- The pull saw is suitable for a wider variety of cutting jobs and materials such as laminate, wood, plastics, and chipboard.
- Also, the Japanese pull saw is used to achieve fine detail due to the extra control through pulling the blade.
- It can serve trimming, repair, and other household chores. Pull saws are ideal for making rips, crosscuts, and trim woods.
- It works perfectly on heavy materials.
- You can use a pull saw for aggressive sawing with each stroke. It is functional for the general wood cutting process.
- Again, you can use a pull saw to cut into a tight spot without hassle. It makes it easy for you to access difficult-to-reach areas.
- Furthermore, some are designed to help you get a curved cut. It can be used to cut both soft and hardwood.
How do you store Japanese saws?
The safest way to store your Japanese saw is by hanging them. Most Japanese saws in the market come with a strap or holes at the end of the handles. You can store these saws like every other saw by hanging on the wall.
Do not store your pull saw on the ground or lean the blade against the wall; it might cause the blade to bend. Also, to maintain a sharp and quality pull saw, clean and dry after every use. If you don’t clean or leave it wet, it could cause corrosion.
How do you use a Japanese saw?
If you are yet to handle a Japanese saw, the first thing is to mark your cut, ensure the mark is
square. Next, hold the saw firmly and start with a slow and short movement to achieve alignment for a precise cutting.
When would you use a Japanese saw?
You need Japanese saw for precise and clean-cut, most especially when you want to conserve time. They are making with lightweight material that requires less human power. The saw does
not need any setup. Thus, you can cut as it pleases you. Also, you can use these saws when you want to make rip cuts or cut crosses with the saw.
Why do Japanese pull saws?
Japanese pull their saws to make wood cutting via pulling instead of pushing. The pulling process is known to produce the most efficient and accurate cut.
How do you sharpen Japanese pull saw at home?
Generally, a Japanese pull saw does not need sharpening. Because the teeth are tight and hardened, it makes them extremely sharp and almost impossible to sharpen. Buying a new blade is the best option for a blunt blade, but if you must sharpen, here are some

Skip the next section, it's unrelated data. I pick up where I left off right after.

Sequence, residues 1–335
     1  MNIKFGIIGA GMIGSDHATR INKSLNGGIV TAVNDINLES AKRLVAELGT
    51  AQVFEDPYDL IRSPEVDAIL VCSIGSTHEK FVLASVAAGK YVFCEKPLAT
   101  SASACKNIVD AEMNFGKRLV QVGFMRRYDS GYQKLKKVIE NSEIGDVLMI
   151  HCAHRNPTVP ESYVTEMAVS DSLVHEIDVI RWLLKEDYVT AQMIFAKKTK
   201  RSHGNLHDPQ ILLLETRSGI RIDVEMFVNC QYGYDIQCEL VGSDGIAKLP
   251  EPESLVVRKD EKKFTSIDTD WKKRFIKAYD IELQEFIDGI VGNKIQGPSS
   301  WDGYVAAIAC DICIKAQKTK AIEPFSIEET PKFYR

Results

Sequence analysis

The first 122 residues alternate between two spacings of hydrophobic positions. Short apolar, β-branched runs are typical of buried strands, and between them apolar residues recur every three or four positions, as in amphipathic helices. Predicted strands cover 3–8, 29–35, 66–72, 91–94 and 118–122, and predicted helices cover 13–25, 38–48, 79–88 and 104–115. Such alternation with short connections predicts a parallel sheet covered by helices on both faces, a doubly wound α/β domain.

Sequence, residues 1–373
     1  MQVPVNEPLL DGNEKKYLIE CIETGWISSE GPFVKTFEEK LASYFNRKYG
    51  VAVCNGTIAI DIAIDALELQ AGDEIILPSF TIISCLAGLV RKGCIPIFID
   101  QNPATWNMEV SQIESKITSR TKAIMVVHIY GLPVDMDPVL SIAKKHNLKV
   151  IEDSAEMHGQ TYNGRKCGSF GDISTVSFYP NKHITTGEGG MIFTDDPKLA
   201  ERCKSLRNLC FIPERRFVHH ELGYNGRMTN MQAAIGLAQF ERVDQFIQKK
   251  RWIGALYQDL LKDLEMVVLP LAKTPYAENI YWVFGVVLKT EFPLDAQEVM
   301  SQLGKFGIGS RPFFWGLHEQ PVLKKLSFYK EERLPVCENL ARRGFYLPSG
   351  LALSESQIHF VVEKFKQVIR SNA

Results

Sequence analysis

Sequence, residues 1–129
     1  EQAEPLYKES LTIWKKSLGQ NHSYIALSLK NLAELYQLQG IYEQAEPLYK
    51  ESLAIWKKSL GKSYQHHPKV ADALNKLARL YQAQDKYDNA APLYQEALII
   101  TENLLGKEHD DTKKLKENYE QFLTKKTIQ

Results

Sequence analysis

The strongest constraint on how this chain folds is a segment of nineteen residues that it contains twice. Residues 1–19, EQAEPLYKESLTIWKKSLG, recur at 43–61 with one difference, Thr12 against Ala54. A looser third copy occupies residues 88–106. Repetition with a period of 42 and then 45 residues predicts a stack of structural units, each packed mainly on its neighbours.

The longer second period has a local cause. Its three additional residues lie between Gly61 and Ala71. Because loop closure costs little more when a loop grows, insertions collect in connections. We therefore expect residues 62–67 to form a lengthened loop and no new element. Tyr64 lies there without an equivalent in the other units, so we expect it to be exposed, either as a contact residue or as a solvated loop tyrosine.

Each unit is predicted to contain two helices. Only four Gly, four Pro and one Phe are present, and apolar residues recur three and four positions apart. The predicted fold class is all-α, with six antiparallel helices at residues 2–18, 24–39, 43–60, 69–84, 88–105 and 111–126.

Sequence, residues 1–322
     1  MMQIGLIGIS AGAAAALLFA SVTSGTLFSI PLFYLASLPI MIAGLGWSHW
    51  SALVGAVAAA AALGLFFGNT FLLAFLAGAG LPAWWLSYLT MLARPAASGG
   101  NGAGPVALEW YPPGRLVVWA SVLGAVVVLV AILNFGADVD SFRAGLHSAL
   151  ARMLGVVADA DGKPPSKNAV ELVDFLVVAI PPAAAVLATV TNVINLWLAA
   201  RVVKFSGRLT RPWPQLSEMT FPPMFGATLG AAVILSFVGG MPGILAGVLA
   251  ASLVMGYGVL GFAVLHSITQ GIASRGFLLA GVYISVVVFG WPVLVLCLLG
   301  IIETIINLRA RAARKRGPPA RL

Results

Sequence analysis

- Place the saw in a vice and clamp it with the teeth facing upward. Use a file to sharpen every other tooth on one side and do the same on the others.
- Keep filing across each tooth about 2-3 times
- It is advisable to file the tiny secondary bevels right on the tips to prevent breakage during woodworking.
Which Japanese saw should I buy?
If you are a starter, the best Japanese saws to purchase are the Ryoba and the Shark Corp. These saws are easy to use and fit perfectly into your usual woodwork routine with just a little needed adjustment.
Good Bye Word
Japanese pull saws are an essential tool every wood enthusiast should have in possession. The blades of a saw are making to cut with a pull stroke instead of a push stroke-like every other usual saw. This design makes the blade last longer and prevents premature bending while you cut. Pull saw gives you maximum control and helps with a quick and detailed cut. Japanese pull saws are perfect for fine finishing.
Owing a Japanese pull saw is a huge advantage, and a properly maintained one can serve for decades without getting damaged. For a perfect woodworking experience, the Ryoba pull
saw is one of the best on the list. It cuts faster and neatly than many other similar products. The higher tooth count gives extreme sharpness, meaning you can crosscut without hassle. Again, Dozuki features ultra-thin kerf for a fine cut and has teeth that retain sharpness over a long time.
Hi their! I am working with daily instruments since 2018. I complete my M.SC in Mechanical Engineering. I accomplished with commencement in 2009 from the College of Colorado Denver. Now I am working for a widely known tools firm. Sometimes i write informative article on my blog weeklytools.com & dailytools.com